Creating signature fields¶
Adding new (empty) signature fields is done through the
The CLI only allows you to specify the page and coordinates of the field, but
more advanced properties and metadata can be manipulated through the API.
The syntax of the
addfields subcommand is as follows:
pyhanko sign addfields --field PAGE/X1,Y1,X2,Y2/NAME input.pdf output.pdf
The page numbering starts at 1, and the numbers specify the coordinates of two opposing corners of the bounding box of the signature field. The coordinates are Cartesian, i.e. the y-coordinate increases from bottom to top. Multiple signature fields may be created in one command, by passing the last argument multiple times.
Creating empty signature fields ahead of time isn’t always necessary. PyHanko’s signing functionality can also create them together with a signature, and Adobe Reader offers similar conveniences. As such, this feature is mainly useful to create fields for other people to sign.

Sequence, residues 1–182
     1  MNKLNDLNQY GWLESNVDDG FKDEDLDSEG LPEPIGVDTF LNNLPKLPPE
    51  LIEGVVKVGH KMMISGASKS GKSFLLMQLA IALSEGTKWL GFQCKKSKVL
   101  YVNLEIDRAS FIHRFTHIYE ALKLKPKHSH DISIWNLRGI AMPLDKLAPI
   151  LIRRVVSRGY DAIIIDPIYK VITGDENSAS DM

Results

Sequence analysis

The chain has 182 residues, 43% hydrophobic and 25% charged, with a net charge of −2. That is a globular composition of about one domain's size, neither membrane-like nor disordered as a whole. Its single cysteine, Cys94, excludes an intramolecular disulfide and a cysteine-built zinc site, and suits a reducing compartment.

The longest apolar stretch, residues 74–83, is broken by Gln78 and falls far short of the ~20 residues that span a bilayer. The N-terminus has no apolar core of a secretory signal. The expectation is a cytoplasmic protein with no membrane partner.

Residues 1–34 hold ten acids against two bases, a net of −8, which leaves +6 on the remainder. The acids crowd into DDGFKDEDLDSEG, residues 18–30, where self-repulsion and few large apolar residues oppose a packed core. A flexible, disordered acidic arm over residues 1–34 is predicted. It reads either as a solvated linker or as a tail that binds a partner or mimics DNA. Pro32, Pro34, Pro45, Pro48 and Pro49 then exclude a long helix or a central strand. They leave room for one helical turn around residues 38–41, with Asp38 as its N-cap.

Creating simple signatures¶
All operations relating to digital signatures are performed using the
pyhanko sign subcommand.
The relevant command group for adding signatures is
pyhanko sign addsig.
The commands explained in this subsection do not attempt to validate the signer’s certificate by default. You’ll have to take care of that yourself, either through your PDF reader of choice, or the validation functionality in pyHanko.
Signing a PDF file using key material on disk¶
There are two ways to sign a PDF file using a key and a certificate stored on disk. The signing is performed in the exact same way in either case, but the format in which the key material is stored differs somewhat.
To sign a file with key material sourced from loose PEM or DER-encoded files,
pemder subcommand is used.
pyhanko sign addsig --field Sig1 pemder \ --key key.pem --cert cert.pem input.pdf output.pdf
This would create a signature in
input.pdf in the signature field
(which will be created if it doesn’t exist), with a private key loaded from
key.pem, and a corresponding certificate loaded from
The result is then saved to
Note that the
--field parameter is optional if the input file contains a
single unfilled signature field.
--field parameter also accepts parameters of the form passed to
addfields, see Creating signature fields.